By Hawa Aden Mohamed
GALKAYO, Somalia — In late 2016, the semiautonomous Puntland region of northeastern Somalia passed a landmark sexual-offenses law to widespread international acclaim.
The law — the first of its kind in the region — criminalized all forms of sexual violence. It banned gang rape, sexual exploitation and harassment. The result of many years of hard work, it had support from Puntland’s Ministries of Women, Development and Family Affairs, Justice and Religious Affairs, as well as from parliamentarians and religious and community leaders. There were predictions that it might serve as a guide for the rest of the region. When it was enacted, women like me who’d fought so hard for its passage were filled with a new sense of hope.
Slightly over one year later, things have turned out far worse than we could have ever expected.
Not only have there been few signs that sexual violence has decreased, but in the past two months in particular, cases of rape in Puntland appear to have spiked. And incredibly, in a majority of the cases that my organization, the Galkayo Center, has worked on, the men accused of rape have been members of the police force, military or marines.
Instead of serving as enforcers of the new law, these officials are actually perpetrators. They knew that they would not face repercussions, and some did not even bother changing out of their uniforms before committing their assaults.
One of the most high-profile cases I worked on took place just after 2 a.m. on Jan. 10. Eight armed men invaded the Bulo Bacley settlement in Galkayo, kidnapped four women and raped two of them, and tried to drag other women from their homes.
Some of the men were recognized as members of the local police force. Despite efforts by my organization and others to ensure sufficient evidence is gathered, including the in-depth testimonies of the survivors themselves, only one suspect was brought into custody and then was released soon afterward under suspicious circumstances. The lack of basics such as forensics facilities and a qualified team of investigators means that the case is likely to be dropped soon.
Other, less-noticed cases have been equally egregious. In mid-December, a 16-year-old girl with mental disabilities was raped by a group of marines in the town of Garacad. She had been on her way to collect firewood. Four men were arrested but were freed shortly after they swore on the Quran that they were innocent. The victim was told that she would need to provide four witnesses — an effectively impossible task.
Those are just two of over a dozen recent cases in which we were able to step in to provide urgent medical, psychological, legal and financial support for the survivors. It’s hard to get accurate statistics on the prevalence of rape in Puntland or in Somalia in general, but anecdotally, the law appears to have had little impact.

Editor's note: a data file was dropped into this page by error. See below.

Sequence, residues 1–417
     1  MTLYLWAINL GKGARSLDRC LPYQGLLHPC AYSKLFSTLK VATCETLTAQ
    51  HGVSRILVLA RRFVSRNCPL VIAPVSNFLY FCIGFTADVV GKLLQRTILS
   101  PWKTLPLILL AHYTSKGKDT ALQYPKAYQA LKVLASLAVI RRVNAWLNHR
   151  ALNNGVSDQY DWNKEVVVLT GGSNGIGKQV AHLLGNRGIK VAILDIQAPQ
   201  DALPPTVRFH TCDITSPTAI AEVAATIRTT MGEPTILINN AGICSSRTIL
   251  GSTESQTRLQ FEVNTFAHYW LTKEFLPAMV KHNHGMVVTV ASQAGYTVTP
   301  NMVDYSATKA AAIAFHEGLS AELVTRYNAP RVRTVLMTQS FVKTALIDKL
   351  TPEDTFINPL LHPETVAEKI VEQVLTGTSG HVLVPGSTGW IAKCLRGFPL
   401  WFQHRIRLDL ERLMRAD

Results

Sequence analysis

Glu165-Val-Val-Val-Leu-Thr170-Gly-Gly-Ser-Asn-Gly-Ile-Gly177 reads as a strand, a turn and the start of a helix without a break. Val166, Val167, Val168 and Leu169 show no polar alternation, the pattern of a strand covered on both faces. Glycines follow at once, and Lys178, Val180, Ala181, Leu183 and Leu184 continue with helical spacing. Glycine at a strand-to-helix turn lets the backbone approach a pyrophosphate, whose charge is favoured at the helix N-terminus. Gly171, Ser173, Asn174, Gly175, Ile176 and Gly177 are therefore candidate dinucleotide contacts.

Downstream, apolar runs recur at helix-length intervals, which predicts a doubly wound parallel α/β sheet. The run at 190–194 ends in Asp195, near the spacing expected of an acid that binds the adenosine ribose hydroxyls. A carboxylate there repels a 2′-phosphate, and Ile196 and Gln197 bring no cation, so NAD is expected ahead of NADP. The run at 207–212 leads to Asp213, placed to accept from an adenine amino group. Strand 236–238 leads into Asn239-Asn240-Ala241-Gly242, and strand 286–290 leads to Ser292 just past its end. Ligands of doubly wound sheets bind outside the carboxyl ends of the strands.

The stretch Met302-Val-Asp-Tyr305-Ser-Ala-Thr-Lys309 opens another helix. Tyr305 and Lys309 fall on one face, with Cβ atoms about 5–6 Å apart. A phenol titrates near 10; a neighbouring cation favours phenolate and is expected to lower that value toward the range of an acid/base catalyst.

That the law has not had the results we expected is not entirely surprising, even though Puntland’s institutional capacity compared with that of the southern part of Somalia is relatively strong. Policemen are often unaware that the law against sexual violence even exists. Even when officials are aware, they can be hesitant to enforce it. A judge recently told me that since the law was not agreed upon by everyone, not everyone would use it — a shocking statement from somebody who is representing our government.
More often than not, the police are unable to properly carry out investigations and collect reliable evidence. The police may have no means of transport available to travel to a crime scene, or they may not be able to provide meals to suspects while they are in custody, so they are let go. (Incredibly, as a common practice, victims are often required to pay for their assailants’ food while they are detained, which, understandably, can cause many to drop their cases.) Medical reports often disappear, and the lack of forensics facilities in some parts of Puntland makes it very difficult to gather DNA evidence.
Another major hurdle to prosecuting rapists is that most judges are more used to nonstatutory laws than the official legal system. For Puntland this means Shariah law and customary law, which are often employed alongside formal law. Our Constitution states that when formal law such as the Sexual Offenses Act does exist — and when a case is heard in a formal court, as opposed to an informal traditional court — only the formal law should be used. In practice, though, this is not what usually happens.
Despite all the hurdles in bringing rapists to justice, we could still, as a society, punish sexual violence if we wanted to: We could use other methods of gathering evidence; we could ensure security for any women who are put at risk for speaking out about abuse; we could make sure that there was a clear message from the top to enforce the law.
But the lesson from the sad story of Puntland’s Sexual Offenses Act is that while formal laws can be vital in influencing attitudes, attitudes and behavior also influence how a law is enforced.
The passage of the law was a great start. But what the past year has made clear is that we also need to start changing attitudes in Puntland and the region more broadly, or else these much-celebrated legal advances for women will be rendered meaningless.
Hawa Aden Mohamed is the executive director of the Galkayo Education Center for Peace and Development.
This article originally published in New York Times